Top Facts on Ocean Awesomeness
It is unclear why the diatoms incorporate iron in their shells. Ingall suggested it could be because the element is freely available, which makes the diatoms hog it in order to place other types of plankton at a disadvantage.
"Just like someone walking through a buffet line who takes the last two pieces of cake, even though they know they'll only eat one, they're hogging the food," said Ingall in a statement.
That would mean little iron is available for other types of plankton more efficient at capturing carbon dioxide from the atmosphere. The ecology of the ocean would shift, from a plankton bloom that is better at removing carbon to a bloom dominated by diatoms that are best at removing iron.
These are theories that need further testing, and the lack of knowledge is exactly why George's solo iron fertilization experiment in an important salmon feeding ground earned him a swift rebuke from environmentalists.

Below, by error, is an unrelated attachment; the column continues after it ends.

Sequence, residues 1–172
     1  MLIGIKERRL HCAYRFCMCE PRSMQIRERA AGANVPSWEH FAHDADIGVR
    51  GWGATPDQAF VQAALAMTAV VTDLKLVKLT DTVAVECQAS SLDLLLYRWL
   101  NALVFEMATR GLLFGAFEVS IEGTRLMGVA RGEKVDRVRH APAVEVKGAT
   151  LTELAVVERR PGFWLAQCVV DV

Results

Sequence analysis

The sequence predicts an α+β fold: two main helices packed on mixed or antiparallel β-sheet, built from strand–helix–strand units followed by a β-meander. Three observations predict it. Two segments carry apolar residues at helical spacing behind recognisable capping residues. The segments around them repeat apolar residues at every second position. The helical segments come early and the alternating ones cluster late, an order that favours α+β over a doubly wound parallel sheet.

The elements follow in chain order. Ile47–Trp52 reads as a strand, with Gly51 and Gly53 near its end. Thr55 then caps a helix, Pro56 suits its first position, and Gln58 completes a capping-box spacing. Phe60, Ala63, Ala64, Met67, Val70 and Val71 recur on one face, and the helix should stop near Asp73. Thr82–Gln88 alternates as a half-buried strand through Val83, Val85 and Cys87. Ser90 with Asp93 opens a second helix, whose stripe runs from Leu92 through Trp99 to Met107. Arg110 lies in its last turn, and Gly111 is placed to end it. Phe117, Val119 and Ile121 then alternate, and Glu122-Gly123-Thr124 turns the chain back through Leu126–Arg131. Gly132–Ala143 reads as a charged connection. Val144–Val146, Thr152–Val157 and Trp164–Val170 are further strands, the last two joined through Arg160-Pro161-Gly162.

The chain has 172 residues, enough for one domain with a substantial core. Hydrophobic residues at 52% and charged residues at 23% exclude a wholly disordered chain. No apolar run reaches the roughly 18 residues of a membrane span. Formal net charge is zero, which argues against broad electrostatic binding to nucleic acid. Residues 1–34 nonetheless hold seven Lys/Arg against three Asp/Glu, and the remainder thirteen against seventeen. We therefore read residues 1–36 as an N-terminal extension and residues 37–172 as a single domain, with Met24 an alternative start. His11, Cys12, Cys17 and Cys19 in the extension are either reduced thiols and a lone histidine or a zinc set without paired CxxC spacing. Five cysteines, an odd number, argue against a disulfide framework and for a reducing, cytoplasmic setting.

Other better monitored experiments have come out with unclear results about the benefits of fertilization. The experiments usually happen in the Southern Ocean, which is one of the largest sinks in the world for anthropogenic carbon dioxide. Every year in the fall, sea ice starts forming around the continent of Antarctica. The water immediately below the layer of ice becomes salty and dense, and it sinks even as waters from the ocean depths, high in nutrients and carbon dioxide, rise to the surface. And when the sea ice melts in the spring, plankton thrive in the nutrient-rich waters and the ocean becomes green-hued.